Scientific evidence has become critical to the proper handling of many criminal cases. Attorneys need to be able to deal with specialized issues which, depending on the type of case, may range from DNA to computer software, and from accident reconstruction to blood testing. A person facing charges involving scientific evidence should make sure that the lawyer has knowledge, skill, and experience to handle such matters.
Mr. Garland has a passion for the science and an interest in resourcing experts in the disciplines necessary to present a defense. The key to defending many prosecutions is to show that the police assumption about evidence is either unwarranted under current scientific understanding or to show that there has been a misapplication of proper scientific principles. In other cases, the defense uses scientific evidence to rebut a prosecution claim.
Recent advances in “touch DNA” demonstrate just how fast the pace of change can be. Only a few years ago, “touch DNA” from multiple contributors presented an insurmountable hurdle to expert testimony. Not any more. Especially in federal court, the government routinely uses touch DNA to establish a probability of connection between the accused and a given object. That object could be a gun or some other item associated with the investigation. It is important to note, however, that the touch DNA opinion is really just a probability estimate. The significance of such a probability estimate is dependent upon how many alleles associated with the accused’s DNA are found to be present in the sample. Quite often, one or more alleles are not found. It is the job of the defense to show that the touch DNA is not reliable because of contamination, or that the conclusions are unwarranted because of an insufficient number of alleles.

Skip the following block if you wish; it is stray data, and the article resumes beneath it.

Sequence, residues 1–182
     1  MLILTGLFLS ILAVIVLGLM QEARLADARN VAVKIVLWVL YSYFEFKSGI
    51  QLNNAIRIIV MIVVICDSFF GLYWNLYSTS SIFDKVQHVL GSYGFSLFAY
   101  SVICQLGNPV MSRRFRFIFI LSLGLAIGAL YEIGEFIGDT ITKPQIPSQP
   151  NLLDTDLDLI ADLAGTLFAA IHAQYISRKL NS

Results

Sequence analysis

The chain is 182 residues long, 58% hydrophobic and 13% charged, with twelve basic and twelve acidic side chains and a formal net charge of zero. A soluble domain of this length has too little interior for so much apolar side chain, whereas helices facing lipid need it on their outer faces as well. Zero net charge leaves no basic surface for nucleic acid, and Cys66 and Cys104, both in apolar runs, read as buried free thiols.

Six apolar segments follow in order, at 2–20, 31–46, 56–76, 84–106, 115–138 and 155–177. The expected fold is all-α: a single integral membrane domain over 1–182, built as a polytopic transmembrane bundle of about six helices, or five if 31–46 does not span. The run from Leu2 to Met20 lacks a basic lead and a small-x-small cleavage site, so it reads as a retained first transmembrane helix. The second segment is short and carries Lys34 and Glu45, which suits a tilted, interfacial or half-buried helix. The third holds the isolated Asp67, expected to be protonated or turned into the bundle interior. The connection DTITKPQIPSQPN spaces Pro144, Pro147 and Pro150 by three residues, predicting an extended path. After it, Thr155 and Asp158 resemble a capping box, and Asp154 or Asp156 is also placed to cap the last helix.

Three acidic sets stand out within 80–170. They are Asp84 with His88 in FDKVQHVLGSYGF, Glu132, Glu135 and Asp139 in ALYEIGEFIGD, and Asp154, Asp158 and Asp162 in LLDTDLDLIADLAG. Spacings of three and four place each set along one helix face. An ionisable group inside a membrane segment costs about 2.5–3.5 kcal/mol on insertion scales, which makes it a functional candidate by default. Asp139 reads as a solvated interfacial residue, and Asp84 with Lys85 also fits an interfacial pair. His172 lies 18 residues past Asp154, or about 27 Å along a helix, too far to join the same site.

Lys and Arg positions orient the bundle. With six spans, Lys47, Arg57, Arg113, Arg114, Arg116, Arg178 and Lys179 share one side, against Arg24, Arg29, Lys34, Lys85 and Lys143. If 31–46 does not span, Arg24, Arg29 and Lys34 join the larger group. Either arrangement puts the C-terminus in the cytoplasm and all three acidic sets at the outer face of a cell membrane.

Mr. Garland has a bachelor degree in chemistry from the University of Florida, which provides an educational background for the mathematics, statistics, physics, and chemistry which underpin all scientific inquiry.